Ethiopia’s state telecom launches 5G services in capital
State-owned operator Ethio Telecom launched a 5G mobile phone service on Monday in a key step ahead of competition from new entrants in an industry that has been closed for international players.
Next-generation 5G networks can provide data speeds at least 20 times faster than 4G and are seen as important for emerging technologies like self-driving cars and enable communication and interconnectivity between smart devices.
Ethio Telecom Chief Executive Officer Frehiwot Tamru said the service will first be available in the capital Addis Ababa, before eventually spreading to other parts of the country.
“The 5G service is launched in selected places in Addis Ababa,” she said at a launch event. “In the coming 12 months, we will have 150 5G sites in Addis Ababa and outside Addis Ababa.”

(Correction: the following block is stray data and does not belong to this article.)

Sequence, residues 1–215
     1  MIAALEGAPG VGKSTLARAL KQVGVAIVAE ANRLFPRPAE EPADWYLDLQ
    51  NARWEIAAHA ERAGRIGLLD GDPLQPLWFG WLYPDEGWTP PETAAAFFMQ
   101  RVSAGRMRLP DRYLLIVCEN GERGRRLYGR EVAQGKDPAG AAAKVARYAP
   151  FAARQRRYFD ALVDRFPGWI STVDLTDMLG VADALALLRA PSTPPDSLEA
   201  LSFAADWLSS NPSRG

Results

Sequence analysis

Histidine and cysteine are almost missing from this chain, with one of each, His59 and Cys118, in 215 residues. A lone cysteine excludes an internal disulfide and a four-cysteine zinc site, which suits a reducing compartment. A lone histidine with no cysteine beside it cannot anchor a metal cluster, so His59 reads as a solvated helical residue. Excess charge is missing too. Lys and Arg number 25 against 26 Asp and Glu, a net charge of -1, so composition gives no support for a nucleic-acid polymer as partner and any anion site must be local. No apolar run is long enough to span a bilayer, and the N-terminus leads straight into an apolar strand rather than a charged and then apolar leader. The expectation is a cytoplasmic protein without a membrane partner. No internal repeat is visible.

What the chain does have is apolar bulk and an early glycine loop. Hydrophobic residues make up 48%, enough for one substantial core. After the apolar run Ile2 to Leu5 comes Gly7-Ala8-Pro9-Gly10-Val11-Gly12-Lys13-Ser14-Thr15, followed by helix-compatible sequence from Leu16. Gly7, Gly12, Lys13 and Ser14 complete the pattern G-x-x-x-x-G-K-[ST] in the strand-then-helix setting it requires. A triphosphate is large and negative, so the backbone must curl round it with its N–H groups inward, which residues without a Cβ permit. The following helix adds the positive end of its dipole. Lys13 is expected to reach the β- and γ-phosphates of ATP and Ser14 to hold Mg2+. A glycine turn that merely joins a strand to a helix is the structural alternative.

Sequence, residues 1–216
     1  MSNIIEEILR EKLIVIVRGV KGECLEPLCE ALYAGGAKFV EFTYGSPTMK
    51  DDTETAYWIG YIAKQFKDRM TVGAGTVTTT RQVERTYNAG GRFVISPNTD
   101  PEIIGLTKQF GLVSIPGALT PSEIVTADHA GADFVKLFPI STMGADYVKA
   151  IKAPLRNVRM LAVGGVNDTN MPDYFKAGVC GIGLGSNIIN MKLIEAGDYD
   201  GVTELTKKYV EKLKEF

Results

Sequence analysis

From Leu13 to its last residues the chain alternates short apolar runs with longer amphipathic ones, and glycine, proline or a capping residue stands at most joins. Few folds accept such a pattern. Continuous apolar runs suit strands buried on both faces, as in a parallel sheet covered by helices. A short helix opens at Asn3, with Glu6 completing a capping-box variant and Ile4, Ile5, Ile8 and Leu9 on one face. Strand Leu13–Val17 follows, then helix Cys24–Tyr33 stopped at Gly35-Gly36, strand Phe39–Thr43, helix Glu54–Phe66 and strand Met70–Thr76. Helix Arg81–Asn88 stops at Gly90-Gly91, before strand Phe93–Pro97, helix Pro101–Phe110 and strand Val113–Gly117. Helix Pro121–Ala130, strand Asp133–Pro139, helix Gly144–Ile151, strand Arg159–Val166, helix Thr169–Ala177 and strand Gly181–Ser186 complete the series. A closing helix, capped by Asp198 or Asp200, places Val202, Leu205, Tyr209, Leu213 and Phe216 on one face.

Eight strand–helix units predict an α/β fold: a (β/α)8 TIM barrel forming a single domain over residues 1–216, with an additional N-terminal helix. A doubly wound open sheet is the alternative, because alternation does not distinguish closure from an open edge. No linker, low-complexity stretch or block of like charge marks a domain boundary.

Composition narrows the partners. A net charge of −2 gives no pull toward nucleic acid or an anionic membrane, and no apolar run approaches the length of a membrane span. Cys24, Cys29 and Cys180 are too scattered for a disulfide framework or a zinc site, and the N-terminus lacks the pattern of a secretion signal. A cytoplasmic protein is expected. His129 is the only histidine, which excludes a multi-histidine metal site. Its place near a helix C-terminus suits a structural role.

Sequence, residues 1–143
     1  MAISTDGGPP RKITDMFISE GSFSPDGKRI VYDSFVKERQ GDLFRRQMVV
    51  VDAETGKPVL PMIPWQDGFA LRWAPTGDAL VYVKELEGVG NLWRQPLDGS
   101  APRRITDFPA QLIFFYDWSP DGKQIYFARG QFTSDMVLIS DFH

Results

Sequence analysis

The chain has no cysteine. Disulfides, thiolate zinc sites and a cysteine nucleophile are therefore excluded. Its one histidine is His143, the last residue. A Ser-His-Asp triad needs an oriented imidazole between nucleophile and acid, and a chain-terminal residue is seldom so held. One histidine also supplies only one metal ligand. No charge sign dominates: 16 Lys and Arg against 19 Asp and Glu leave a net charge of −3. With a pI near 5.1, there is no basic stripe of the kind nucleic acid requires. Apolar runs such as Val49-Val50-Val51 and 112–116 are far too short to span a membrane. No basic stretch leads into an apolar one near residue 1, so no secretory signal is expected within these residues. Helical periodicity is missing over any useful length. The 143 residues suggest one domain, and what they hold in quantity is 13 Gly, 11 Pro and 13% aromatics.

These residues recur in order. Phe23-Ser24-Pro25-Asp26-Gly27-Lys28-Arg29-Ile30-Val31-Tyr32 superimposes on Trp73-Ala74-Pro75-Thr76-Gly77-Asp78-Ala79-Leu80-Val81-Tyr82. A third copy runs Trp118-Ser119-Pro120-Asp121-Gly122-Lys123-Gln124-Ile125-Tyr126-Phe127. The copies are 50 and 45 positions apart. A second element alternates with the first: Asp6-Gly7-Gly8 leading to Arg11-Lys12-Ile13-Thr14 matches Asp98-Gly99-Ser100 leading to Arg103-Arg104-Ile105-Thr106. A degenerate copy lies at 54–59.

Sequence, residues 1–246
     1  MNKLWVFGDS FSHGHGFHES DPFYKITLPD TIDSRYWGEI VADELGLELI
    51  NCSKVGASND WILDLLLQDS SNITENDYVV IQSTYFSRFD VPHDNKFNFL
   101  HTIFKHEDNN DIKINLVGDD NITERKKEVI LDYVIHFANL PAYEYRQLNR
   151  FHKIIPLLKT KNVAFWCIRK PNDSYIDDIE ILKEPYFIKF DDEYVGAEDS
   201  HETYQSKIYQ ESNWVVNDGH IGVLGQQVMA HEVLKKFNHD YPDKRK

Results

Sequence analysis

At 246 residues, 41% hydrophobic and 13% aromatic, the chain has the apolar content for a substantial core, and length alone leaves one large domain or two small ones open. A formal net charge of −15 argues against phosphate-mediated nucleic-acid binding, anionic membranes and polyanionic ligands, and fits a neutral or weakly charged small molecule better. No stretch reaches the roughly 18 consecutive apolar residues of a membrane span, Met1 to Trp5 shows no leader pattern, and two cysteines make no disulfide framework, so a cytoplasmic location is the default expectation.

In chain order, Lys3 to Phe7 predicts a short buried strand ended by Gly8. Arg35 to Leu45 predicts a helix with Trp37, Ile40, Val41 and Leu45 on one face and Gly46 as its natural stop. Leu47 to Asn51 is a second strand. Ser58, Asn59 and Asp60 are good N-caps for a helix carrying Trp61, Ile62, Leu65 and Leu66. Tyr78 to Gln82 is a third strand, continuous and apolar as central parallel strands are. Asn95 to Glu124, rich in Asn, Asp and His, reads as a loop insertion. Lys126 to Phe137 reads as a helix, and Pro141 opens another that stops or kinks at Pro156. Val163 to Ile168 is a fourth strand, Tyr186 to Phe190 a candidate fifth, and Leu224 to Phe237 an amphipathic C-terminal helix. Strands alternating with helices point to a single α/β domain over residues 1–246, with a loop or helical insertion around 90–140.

Frehiwot did not say how much deploying the network would cost.
Ethio Telecom, which has 64 million subscribers across the nation, said in a separate statement that China’s Huawei Technologies (HWT.UL) was its equipment supplier for the network.
It recorded a 6.7% rise in revenues to 28 billion birr ($544.40 million) in its half year to Dec. 31.
The government launched a tendering process for selling a 40% stake in Ethio Telecom to private investors last June.
In March, the government said it had postponed the planned partial privatisation because of the prevailing economic environment domestically and globally.
In December, industry regulator Ethiopian Communication Authority said it had also suspended a tender process for a second telecommunications licence, which it said it would relaunch in the “near future”.
The Horn of Africa country of about 110 million people sold only one of two full-service licences on offer in May 2021.
The winner of the first licence, a consortium led by Kenya’s Safaricom SCOM.NR, Vodafone (VOD.L), and Japan’s Sumitomo (8053.T), is in the process of setting up its network ahead of a planned commercial launch due anytime now.
The licences are considered a big prize in the country’s push to liberalise the economy, which had been one of the world’s last major closed telecoms markets.